January 7, 2017 2:18 pm
Updated: January 7, 2017 3:38 pm

Candlelight vigil planned for victims of murder-suicide in Nova Scotia

Police vehicles are seen outside a residence in Upper Big Tracadie, N.S. on Wednesday, Jan. 4, 2017.

Andrew Vaughan/The Canadian Press
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A candlelight vigil will be held Saturday evening in Upper Big Tracadie, N.S., to remember four members of one family who died this week in a tragic triple murder-suicide.

RCMP confirmed Friday that Lionel Desmond, 33, took his own life after fatally shooting his wife Shanna, 31, their 10-year-old daughter Aalyiah and his 52-year-old mother, Brenda.

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READ MORE: Four family members in Nova Scotia murder-suicide died of gunshot wounds: RCMP

Relatives say the past week has been extremely difficult on family.

“They’re coping. Coping as best they can,” Amber Gero, Shanna Desmond’s cousin said.

“The one saving grace here is that we’re all here. We’re all coming down. If they’re not here already, they’re on their way down.”

Relatives say Lionel Desmond, a military veteran, suffered from PTSD since returning from a tour in Afghanistan in 2007.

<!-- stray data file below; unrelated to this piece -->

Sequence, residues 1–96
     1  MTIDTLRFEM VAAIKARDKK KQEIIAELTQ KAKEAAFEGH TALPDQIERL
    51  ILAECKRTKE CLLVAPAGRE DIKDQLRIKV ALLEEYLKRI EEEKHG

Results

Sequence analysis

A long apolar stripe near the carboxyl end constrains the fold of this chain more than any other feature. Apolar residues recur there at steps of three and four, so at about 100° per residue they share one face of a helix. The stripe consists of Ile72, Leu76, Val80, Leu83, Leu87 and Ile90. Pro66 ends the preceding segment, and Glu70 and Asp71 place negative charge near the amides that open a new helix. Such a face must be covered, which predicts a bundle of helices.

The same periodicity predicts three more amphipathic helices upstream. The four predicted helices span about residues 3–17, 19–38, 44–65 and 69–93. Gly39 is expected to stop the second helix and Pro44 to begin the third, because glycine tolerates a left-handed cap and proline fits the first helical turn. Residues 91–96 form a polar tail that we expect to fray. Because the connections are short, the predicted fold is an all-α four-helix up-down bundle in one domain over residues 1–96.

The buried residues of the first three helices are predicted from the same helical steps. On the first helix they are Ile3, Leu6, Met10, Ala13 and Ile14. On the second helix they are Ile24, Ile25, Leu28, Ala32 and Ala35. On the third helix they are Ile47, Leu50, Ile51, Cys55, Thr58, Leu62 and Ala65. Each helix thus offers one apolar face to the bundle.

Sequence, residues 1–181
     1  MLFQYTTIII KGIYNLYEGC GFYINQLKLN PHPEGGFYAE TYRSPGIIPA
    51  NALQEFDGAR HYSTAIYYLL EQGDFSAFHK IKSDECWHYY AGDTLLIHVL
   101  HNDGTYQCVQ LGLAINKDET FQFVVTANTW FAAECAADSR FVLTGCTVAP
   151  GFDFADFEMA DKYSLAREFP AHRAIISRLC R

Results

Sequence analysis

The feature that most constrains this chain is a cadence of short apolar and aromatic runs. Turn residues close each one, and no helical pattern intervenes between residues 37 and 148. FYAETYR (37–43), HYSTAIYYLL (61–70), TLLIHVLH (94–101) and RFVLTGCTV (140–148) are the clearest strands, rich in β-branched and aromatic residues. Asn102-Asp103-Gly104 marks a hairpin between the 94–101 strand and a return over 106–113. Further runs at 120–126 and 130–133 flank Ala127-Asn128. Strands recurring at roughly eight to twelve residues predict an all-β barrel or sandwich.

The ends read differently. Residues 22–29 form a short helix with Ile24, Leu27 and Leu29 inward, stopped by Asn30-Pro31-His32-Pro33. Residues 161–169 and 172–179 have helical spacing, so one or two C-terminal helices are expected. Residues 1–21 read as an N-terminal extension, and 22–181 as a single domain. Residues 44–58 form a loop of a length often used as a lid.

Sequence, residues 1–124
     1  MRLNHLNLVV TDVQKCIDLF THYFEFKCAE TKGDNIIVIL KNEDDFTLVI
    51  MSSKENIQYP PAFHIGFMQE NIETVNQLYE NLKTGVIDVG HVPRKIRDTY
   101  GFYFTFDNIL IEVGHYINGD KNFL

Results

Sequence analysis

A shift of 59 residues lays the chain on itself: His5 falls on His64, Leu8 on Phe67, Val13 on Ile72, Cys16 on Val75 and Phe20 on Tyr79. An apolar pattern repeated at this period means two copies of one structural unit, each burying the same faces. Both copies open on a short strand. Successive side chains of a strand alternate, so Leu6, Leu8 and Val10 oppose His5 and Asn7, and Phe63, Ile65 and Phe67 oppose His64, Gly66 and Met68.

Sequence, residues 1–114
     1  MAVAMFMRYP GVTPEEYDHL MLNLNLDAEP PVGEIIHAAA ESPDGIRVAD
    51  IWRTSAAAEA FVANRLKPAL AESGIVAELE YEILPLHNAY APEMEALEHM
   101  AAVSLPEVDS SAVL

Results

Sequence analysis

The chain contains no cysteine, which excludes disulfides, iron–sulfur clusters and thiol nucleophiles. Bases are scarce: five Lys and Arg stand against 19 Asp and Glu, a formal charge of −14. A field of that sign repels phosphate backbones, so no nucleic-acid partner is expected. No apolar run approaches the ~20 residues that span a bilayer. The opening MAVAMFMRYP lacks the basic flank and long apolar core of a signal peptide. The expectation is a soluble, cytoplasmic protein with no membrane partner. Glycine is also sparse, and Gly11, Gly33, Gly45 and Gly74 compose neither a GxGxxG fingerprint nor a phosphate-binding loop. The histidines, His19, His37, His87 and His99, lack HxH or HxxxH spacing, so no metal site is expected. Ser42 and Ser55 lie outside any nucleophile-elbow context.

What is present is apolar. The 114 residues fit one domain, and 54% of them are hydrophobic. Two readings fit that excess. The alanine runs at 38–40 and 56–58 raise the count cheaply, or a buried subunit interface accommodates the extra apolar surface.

WATCH: PTSD not the only factor in Nova Scotia triple murder-suicide, experts suggest

Police say they are still investigating what’s behind the murder-suicide, but will not comment on whether PTSD played a role in the tragedy.

The province has also launched its own investigation into what services were available to Lionel Desmond at St Martha’s Regional Hospital in the days before the family was found dead.

“I think there’s a lot of blame to go around when it comes to the help he was receiving,” Gero said. “Was it enough? Could there have been more done for him? Could there have been more done for his wife and his child? I mean, you don’t just treat the broken veteran; you treat the broken family they come home to.”

READ MORE: ‘I will fix it,’ Lionel Desmond said before Nova Scotia murder-suicides

Meanwhile, funeral arrangement for the Desmond family are on hold because family say they are getting no answers from Veterans Affairs and are unsure what, if any portion of Shanna and Aalyiah’s funerals will be covered.

“I think they should cover 100 per cent of it,” Gero said.

“You can’t send men and women off to war, they come back broken, they come back suffering from PTSD and think that it’s only them that are suffering. Their spouses are suffering, their children are suffering, so for them to die in such a tragic way after suffering and trying to help him for so long and for the military to say, ‘no, he’s not important and not the wife and daughter who had to live with it everyday.’ It disgusts me and they better step up.”

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